2018 Prius C 12V Battery

Discussion in 'Prius c Technical Discussion' started by NJ2018PRIUSC, Mar 4, 2021.

  1. NJ2018PRIUSC

    NJ2018PRIUSC Junior Member

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    New forum member here.

    Our 2018 Prius C grocery getter, purchased new 12/2017 has 7200mi and had been largely idle (< 300mi) since the pandemic began about a year ago. We are retired and only need the car for very occasional outings (e.g., necessary Dr. appointments) and potential emergencies.

    This week, we were heading to the park for a walk and the 12V didn’t have a sufficient charge to start the car. The small screen on the upper part of the dash showed the outline of the car as well as the check engine light and the horn would work, but weakly. I pulled the battery, following the owners’s manual directions, and it reads 8.1 V across the terminals and ordered a 1.25A Battery Tender Plus, which I’ll have by the weekend. From what I’ve read, I’m assuming that the 12V battery is probably nearing the end of its service life (time-wise though it’s a very low mileage car - probably too low to have justified the cost of the hybrid in the first place...), so I found a store that will ship an OEM battery, which I’ll have next week.

    If there will be more than a couple of days between the arrival of the tender and the OEM battery, I plan to charge the original and reinstall in case we need the car for an emergency.

    I’m assuming the OEM battery is AGM. Is this correct? It’s not labeled as such as far as I can tell.

    Yuasa AGM batteries are shipped factory-activated (and charged) or with a bottle of electrolyte. Does any one know which is the case for this battery? I activated my share of batteries during my motorcycling days, but it’s not my favorite procedure.

    Any other tips or words of wisdom would be appreciated. I obviously need to drive the car more frequently.

    Thanks!
     
  2. NJ2018PRIUSC

    NJ2018PRIUSC Junior Member

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    One thing I neglected to mention is that a 3-4 weeks ago, I used a portable air pump powered by the accessory port to add air to all 5 tires. It took about 20 min. I obviously should have left the car in READY for a while after, but I was cold and not thinking clearly. The car hasn’t been run since. It’s seems likely this was the final insult before the 12V battery lost sufficient charge to get the car going.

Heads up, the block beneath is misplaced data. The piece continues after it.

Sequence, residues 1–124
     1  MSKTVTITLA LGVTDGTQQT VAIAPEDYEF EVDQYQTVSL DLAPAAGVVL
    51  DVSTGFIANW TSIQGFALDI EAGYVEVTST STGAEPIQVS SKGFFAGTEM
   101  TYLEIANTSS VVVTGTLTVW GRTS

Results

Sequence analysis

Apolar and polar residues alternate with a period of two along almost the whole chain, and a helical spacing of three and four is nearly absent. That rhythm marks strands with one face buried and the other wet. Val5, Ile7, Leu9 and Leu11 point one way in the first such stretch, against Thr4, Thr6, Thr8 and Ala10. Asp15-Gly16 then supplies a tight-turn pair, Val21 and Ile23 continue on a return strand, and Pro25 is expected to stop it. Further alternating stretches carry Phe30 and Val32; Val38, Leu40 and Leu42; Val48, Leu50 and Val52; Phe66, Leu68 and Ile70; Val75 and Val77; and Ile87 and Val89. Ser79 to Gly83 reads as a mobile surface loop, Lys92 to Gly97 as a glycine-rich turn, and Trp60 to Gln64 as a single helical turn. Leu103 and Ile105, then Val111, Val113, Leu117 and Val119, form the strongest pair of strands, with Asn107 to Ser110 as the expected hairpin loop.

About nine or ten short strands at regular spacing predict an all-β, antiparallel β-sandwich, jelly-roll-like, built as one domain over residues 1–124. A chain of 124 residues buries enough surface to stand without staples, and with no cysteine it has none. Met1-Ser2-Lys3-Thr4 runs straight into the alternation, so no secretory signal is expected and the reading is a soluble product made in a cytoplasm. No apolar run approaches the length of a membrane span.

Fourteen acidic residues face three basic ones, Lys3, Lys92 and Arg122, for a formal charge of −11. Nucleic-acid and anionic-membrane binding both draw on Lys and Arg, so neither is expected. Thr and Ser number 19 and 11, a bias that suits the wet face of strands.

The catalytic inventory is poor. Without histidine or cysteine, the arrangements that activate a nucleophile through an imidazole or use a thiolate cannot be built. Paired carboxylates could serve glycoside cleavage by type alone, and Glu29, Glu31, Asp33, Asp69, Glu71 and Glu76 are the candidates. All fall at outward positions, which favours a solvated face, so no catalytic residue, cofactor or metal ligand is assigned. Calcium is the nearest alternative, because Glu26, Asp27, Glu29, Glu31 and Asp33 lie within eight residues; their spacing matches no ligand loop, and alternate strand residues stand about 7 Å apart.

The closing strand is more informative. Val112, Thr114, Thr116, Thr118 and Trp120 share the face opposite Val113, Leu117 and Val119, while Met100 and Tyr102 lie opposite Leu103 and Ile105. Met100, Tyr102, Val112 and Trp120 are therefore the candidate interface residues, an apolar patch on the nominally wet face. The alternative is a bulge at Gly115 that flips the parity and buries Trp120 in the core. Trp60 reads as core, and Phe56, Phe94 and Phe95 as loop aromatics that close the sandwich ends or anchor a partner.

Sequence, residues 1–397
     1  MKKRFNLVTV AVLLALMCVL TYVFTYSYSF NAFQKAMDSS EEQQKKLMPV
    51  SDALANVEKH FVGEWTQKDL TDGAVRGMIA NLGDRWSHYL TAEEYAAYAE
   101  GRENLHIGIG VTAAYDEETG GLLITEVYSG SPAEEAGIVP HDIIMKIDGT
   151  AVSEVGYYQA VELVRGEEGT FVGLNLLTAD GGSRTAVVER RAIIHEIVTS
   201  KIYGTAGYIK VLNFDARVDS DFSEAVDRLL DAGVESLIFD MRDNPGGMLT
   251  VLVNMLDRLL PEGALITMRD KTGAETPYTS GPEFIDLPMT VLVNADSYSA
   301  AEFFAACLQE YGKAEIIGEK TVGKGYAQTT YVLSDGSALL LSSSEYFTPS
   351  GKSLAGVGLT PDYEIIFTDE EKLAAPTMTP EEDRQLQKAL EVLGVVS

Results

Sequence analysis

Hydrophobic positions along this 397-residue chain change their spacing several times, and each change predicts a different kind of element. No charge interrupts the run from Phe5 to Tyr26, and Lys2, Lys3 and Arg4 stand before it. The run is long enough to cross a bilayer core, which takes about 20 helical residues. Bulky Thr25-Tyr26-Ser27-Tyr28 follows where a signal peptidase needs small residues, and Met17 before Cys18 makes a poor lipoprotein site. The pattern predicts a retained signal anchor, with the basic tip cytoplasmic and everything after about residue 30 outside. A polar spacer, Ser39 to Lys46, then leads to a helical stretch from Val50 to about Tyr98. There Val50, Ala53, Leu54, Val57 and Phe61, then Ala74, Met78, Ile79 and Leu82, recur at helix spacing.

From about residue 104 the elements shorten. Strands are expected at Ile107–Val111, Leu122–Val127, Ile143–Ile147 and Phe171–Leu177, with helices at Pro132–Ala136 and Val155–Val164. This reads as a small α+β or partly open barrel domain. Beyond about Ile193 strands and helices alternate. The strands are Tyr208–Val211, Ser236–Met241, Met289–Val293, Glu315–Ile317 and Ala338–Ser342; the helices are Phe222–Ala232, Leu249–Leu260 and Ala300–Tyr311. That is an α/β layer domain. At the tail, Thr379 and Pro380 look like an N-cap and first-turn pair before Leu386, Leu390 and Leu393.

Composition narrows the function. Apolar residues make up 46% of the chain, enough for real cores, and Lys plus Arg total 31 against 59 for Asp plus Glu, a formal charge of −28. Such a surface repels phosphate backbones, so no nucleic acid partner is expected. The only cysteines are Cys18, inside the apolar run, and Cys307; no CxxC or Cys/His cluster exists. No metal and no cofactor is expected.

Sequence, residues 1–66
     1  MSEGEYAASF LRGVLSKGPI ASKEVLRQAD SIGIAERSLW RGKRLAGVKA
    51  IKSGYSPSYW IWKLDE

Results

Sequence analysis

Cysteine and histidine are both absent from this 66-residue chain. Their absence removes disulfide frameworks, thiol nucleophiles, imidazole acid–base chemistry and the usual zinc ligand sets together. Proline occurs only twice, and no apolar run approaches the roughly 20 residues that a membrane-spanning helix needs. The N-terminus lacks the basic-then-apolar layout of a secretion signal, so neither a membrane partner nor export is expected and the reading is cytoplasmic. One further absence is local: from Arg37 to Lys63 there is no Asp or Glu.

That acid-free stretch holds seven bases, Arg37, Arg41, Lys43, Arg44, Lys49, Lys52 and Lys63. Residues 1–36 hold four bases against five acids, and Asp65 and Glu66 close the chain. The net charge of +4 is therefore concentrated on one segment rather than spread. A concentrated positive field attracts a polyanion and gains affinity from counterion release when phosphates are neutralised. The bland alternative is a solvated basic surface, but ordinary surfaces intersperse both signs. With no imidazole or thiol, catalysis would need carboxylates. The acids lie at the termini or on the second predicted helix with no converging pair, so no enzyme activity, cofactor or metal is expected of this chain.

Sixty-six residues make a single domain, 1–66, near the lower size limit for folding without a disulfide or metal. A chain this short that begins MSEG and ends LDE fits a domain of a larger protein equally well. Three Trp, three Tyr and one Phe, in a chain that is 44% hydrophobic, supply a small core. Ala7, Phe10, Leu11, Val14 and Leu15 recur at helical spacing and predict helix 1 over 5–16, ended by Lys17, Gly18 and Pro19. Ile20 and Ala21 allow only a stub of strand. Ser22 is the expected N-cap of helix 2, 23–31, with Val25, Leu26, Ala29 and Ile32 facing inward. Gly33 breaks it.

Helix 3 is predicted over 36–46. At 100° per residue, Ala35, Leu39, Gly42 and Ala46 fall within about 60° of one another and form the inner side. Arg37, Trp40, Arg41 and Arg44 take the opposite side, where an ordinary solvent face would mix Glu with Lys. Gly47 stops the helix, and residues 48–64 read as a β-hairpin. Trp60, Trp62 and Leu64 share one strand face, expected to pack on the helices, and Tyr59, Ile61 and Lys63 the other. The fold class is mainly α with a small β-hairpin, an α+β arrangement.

3. PriusII&C

    PriusII&C Member

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    I am not sure what kind of auxiliary battery a 2018 has. I have a 2012. It has an AGM battery. It has been parked since May of last year. For every 3 weeks, I just turn on the car for 20 - 30 minutes. The original battery still works fine.

    The capacity of the auxiliary battery on the 2012 is pretty small, 35 AH. So it is probably a good idea to keep the car on when you use the battery to do other things.

    If you don't run the car much, it is a good idea to keep the battery charged. From what I have read, it is better to use a smart charger than using a trickle charger. AGM batteries are more sensitive to over charging than flooded lead acid batteries.

    I would expect the new battery be factory charged. It should be ready to use when arrived. But you may still want to get it fully charged since either the factory may have not fully charged it, or it may have lost some charge on shelf or during shipping. SOC maybe is not near 100%.

    Besides the auxiliary battery, pay attention to the hybrid battery. If its SOC gets too low, you may have a much bigger problem.
     
  4. Leadfoot J. McCoalroller

    Leadfoot J. McCoalroller Senior Member

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    Yep it's a vented AGM. Not much reserve capacity. We've never had a problem with ours despite a similar sharp drop in use- but my tire inflator runs on detachable bricks it shares with the lawnmower. I had it in my head that I'd be (preventatively) replacing our 12v in the spring or summer of 2022. Were I to severely discharge it during current cold weather I'd replace it straight off.